The second stage is termed “engaged.” At this stage, budding leadership support helps the organization become more reactive to issues involving corporate values, and the company begins to improve its public relations. However, the organization lacks the infrastructure or capability to go much further. As an example of this, the authors cite Home Depot’s decision to give preference to loggers who practice responsible harvesting.
At the next stage, “innovative,” organizations embrace a more comprehensive concept of corporate citizenship by taking a “stewardship” role. The authors cite the example of the global health-care company Baxter International Inc., which faced a crisis in 2001 when six Spanish dialysis patients using equipment that contained a Baxter filter died. The company immediately recalled the equipment and publicly apologized. The incident cost the company $189 million. Baxter’s CEO requested that his bonus be reduced to cover some of these costs.
Next comes an “integrated” stage, in which the emphasis within a company moves from coordination to collaboration. The authors use the petroleum company BP, which has a board-level ethics and environmental assurance committee, corporate directors of social policy and business ethics, oversight bodies at group level, corporation-wide and regional corporate values coordinators, and a variety of accountability measurements and audits, as an example. Additionally, the company’s CEO, Lord John Browne, has repeatedly emphasized his personal commitment to corporate citizenship.
At the final stage, “transforming,” the organization’s leaders take on a visionary role and apply their corporate values as a means of creating new markets or achieving social change. The authors point to the examples of pharmaceutical companies donating drugs to African countries to treat river blindness, leprosy, and diabetes, and Hewlett-Packard Company’s investment in digital communities in Brazil, India, and South Africa.
Interestingly, the paper cites research showing that 92 percent of organizations are driven to embrace corporate citizenship only after their customers and end-customers demand it. The authors say that organizations should preempt these pressures by adopting corporate values as a strategic imperative. Those that do so will not only be doing the right thing, the paper claims, but also achieving greater financial success in the process.
Stine Grodal (firstname.lastname@example.org), “The Emergence of New Industries: Contestation and Negotiation Between Nanotechnology Communities,” Danish Research Unit for Industrial Dynamics (DRUID), Summer 2006 conference. www2.druid.dk/conferences/viewpaper.php?id=641&cf=8
It is tempting to think that the industrial landscape is relatively unchanging. But it is actually in a never-ending state of flux, with new industries constantly appearing and old ones falling away.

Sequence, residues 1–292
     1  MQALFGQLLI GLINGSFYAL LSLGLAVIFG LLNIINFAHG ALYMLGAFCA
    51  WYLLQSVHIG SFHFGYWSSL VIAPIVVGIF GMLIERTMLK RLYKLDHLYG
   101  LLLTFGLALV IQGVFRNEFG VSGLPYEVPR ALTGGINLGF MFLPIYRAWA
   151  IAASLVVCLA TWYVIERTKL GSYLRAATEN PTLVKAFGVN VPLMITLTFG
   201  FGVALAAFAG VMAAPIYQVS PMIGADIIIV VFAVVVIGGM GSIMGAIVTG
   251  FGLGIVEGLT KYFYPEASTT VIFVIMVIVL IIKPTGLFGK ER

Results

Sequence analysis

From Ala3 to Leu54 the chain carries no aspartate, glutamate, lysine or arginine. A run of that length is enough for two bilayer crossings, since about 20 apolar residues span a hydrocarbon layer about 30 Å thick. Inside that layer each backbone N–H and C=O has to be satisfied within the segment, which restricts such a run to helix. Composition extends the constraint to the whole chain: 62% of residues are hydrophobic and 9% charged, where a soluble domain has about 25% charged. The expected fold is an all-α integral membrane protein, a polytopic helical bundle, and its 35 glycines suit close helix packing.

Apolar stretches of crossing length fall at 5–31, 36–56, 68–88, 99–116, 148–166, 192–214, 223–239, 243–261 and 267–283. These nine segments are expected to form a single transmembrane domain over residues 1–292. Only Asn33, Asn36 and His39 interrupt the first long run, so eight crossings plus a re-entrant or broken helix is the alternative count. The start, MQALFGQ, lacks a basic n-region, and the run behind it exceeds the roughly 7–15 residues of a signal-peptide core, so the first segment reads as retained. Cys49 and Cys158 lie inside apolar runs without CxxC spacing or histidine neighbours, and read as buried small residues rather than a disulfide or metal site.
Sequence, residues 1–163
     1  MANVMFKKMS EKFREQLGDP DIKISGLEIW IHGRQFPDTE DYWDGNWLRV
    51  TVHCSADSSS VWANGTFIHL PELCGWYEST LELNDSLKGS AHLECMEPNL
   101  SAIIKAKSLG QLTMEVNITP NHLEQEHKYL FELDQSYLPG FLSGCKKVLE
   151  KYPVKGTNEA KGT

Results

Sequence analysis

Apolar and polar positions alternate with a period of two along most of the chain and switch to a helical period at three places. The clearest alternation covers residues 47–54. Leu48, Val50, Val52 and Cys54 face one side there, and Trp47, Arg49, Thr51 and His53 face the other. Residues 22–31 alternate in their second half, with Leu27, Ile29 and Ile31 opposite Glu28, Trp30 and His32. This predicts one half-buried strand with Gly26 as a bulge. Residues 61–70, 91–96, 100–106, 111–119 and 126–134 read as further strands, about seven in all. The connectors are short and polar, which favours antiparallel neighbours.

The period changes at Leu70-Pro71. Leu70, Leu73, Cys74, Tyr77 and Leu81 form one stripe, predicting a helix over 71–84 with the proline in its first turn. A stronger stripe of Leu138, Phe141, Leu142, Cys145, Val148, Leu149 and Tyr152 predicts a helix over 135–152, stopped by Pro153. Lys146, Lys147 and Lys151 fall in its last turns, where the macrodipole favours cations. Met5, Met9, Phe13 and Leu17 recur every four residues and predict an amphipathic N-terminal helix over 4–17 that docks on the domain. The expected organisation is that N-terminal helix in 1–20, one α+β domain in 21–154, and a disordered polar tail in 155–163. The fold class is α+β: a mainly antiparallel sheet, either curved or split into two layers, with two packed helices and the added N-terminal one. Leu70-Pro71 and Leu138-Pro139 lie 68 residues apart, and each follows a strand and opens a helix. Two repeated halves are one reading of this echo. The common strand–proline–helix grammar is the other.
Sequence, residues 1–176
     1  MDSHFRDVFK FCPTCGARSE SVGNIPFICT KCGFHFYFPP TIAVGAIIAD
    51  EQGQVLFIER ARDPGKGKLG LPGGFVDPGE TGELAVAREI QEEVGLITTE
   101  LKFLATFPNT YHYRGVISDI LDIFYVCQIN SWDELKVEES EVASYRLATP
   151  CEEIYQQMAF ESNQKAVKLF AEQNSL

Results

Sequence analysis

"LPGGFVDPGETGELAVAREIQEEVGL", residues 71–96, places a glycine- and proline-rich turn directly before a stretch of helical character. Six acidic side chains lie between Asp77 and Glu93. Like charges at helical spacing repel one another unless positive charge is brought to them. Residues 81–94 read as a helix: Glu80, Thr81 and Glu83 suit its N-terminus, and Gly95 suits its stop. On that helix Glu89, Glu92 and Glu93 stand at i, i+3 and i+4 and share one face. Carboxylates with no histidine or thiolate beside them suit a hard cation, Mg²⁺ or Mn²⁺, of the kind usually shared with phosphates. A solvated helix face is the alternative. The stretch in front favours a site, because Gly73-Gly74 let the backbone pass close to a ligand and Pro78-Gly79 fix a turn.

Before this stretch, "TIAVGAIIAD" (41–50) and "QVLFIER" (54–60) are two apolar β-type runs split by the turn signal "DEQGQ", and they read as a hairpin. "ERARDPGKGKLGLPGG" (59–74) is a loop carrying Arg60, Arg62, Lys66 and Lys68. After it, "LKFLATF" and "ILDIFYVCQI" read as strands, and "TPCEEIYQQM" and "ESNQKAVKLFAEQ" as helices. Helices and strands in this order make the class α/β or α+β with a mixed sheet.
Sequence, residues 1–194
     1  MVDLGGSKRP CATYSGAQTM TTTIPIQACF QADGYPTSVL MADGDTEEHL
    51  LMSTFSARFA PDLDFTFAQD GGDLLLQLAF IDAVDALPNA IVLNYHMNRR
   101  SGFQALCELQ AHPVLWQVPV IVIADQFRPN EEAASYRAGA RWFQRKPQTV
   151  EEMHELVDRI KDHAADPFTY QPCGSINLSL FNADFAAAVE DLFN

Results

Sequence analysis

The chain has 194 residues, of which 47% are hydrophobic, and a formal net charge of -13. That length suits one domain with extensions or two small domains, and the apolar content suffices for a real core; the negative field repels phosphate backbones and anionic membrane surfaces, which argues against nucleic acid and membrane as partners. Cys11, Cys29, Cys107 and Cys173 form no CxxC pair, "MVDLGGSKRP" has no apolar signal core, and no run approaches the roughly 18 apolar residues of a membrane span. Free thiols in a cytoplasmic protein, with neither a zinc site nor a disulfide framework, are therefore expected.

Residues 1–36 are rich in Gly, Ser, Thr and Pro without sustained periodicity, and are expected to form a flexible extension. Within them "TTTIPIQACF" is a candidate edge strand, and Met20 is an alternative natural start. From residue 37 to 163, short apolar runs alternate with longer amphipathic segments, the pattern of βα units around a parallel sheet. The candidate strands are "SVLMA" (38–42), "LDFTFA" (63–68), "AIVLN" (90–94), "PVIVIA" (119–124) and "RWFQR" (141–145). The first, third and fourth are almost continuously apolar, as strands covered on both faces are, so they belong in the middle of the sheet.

Rewind just 30 years, for example, and many of the products and industries that we take for granted today didn’t exist in any meaningful way. (Consider computers, software, gas-fired electricity plants, and cell phones.) Yet, according to Stine Grodal, a Ph.D. student in the department of management science and engineering at Stanford University, management literature has largely ignored the process by which new industries emerge.
The conventional approach to analyzing the creation of a new industry uses the industry itself as the starting point. Yet this approach fails to consider precursors to the industry that helped lead to its development. In particular, the traditional approach overlooks three important points:
Government officials, service providers, scientists, consumers, and other participants play an important role in the early development of an industry. For example, previous studies examining the development of the automobile industry focus on the manufacturers but largely ignore the impact of engineers who developed the combustion engine and the hobbyists who experimented with early prototypes.
Industries are not isolated from other technologies. Witness the overlap between the telecommunications and television cable industries as they now compete to provide broadband Internet access.
Interested parties such as scientists and journalists create rhetoric that defines a new industry. In the early days of nuclear power, for instance, nuclear scientists and government officials promoted the technology as a solution to air pollution. But protests against nuclear energy created a competing rhetoric that eventually curtailed the sector.